1) If you are a Christian, you should never do anything wrong

Just because we are Christians, doesn’t mean we are perfect. Living in this world, we are not always going to act or feel holy. Therefore, when we don’t feel holy, it doesn’t mean that we aren’t growing in the Lord. We will have failure, but we always have hope in Jesus. That is where our faith comes in. We have to remember to steer one another away from feeling-based Christianity and remind one another of God‘s Word. II Corinthians 3:18 says, “But we all, with unveiled face, beholding as in a mirror the glory of the Lord, are being transformed into the same image from glory to glory, just as by the Spirit of the Lord.” It doesn’t matter how we feel, if we are His, we are being transformed.

2) If you are really saved you would be different 

My niece is 11 years old, we can’t buy clothes fast enough for her. She doesn’t look any different to me daily, but it seems she’s in a new size shoe every month and she’s definitely taller  than she was a month ago. We can grow without seeing it. We grow in increments, not in drastic changes. We have to remember the promises in God’s Word like Ephesians 2:4-9, where Paul tells us the grace that saved us is the same grace that is
growing us.

3) If I am really a Christian, then my life would be easier

Trial and temptation is a big clue of God’s work in our lives to draw us closer to Him. He disciplines and refines those He loves. Difficulty is overcome by God’s grace as He does not leave us alone to grow spiritually. We grow “in the grace and knowledge of our Lord and Savior Jesus Christ.” We press into Jesus, through each trial, by holding on to His truth and being an example of His love to each other, reminding one another of His sufficiency in every circumstance. We have to rely on His promises, not on our feelings. The New Testament is full of examples of Christians that suffer for their faith. C.S. Lewis worded the reason so well: “Our Father refreshes us on the journey with some pleasant inns, but will not encourage us to mistake them for home.”

4) If I was really saved, then I would be more like Bob

No two lives are the same. We all have different hangups, disappointments, mental illnesses, tragedies, achievements, skill sets, economic backgrounds, family situations, personalities, etc. Depending on our make-up and the season of our life, our growth may be moving at a different speed. It could be fast or slow at different times in our own lives. Some of us have started our journey with Jesus from bad places, where we believed most of the enemy’s lies. Our circumstances can make it more difficult to grow. Fortunately, our God can meet us right where we are. Genesis 28 tells the story of Jacob’s first encounter with God. Jacob was in a terrible place in life. God presented Himself in a dream, meeting him right where he was. God, and His angels, came to Jacob, instead of condemning Jacob for all he’d done. He will do the same for us.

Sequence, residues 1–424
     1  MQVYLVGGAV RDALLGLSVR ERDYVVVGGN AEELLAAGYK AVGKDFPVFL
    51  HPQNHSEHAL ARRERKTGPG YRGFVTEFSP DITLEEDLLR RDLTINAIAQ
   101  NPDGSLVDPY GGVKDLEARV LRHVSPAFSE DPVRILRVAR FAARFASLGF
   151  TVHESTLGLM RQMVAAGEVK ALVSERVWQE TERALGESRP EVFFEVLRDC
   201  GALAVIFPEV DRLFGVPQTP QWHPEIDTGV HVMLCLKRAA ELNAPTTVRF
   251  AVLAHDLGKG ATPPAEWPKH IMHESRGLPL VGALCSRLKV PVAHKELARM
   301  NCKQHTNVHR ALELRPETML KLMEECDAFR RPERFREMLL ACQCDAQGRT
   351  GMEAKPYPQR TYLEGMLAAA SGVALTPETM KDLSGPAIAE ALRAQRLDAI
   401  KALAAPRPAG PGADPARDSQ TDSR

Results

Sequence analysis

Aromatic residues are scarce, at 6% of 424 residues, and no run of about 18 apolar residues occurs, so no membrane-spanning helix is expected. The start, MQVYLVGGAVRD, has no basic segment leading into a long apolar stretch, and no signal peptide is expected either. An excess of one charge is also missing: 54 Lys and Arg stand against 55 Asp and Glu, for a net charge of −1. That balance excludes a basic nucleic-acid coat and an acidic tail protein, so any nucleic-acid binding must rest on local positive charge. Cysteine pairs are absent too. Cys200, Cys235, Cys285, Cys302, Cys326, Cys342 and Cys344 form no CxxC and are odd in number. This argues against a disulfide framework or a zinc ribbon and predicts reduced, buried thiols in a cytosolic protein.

5) If I’m a Christian I have to bug people and talk about Jesus

“Taste and see that the Lord is good; blessed is the man who takes refuge in him.” Psalm 34:8. This was the experience of the Psalmist. He found protection in the Lord, he knew how good the Lord was to him, he pleads with us to try the Lord out. Don’t you just love to get other people to experience the joy you’ve had? When I’m discouraged in my growth and impatient for some newfound feeling of being on the mountain top, I remember where I was and how far God has brought me. And nothing beats the feeling of being able to tell someone else about all that He has done for me. It’s a wake up call, it’s a reminder to myself of His awesome grace. It doesn’t mean that we harass people, it just means that there’s nothing wrong with telling someone how wonderful God has been to you.

Reflect on where you used to be, thank God He’s brought you so far, rest in Him and trust Him to fulfill His promise that He will finish His work in you. God bless you!

Seeking: One Rose Garden

Aarhus rose garden

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I had a limited record collection when I was a kid. After memorizing all the lyrics to the soundtracks of Grease and Saturday Night Fever and a Shawn Cassidy album, I would sometimes listen to my parents’ LPs. One of them was an album by Lynn Anderson. One of the songs was ‘I Never Promised You a Rose Garden‘. At my young age, I didn’t yet have a good concept of this figure of speech, and couldn’t quite figure out why it was such a big deal that this guy wanted a rose garden so bad. I’ve since figured it out. I want a rose garden, and I want it bad.

Every person on earth carries his or her own set of issues. When we hurt, no one we know can turn off our fears and our pain. Not even our best friends can truly understand our inner struggles. Is there any help at all for us?  The answer is a definite yes!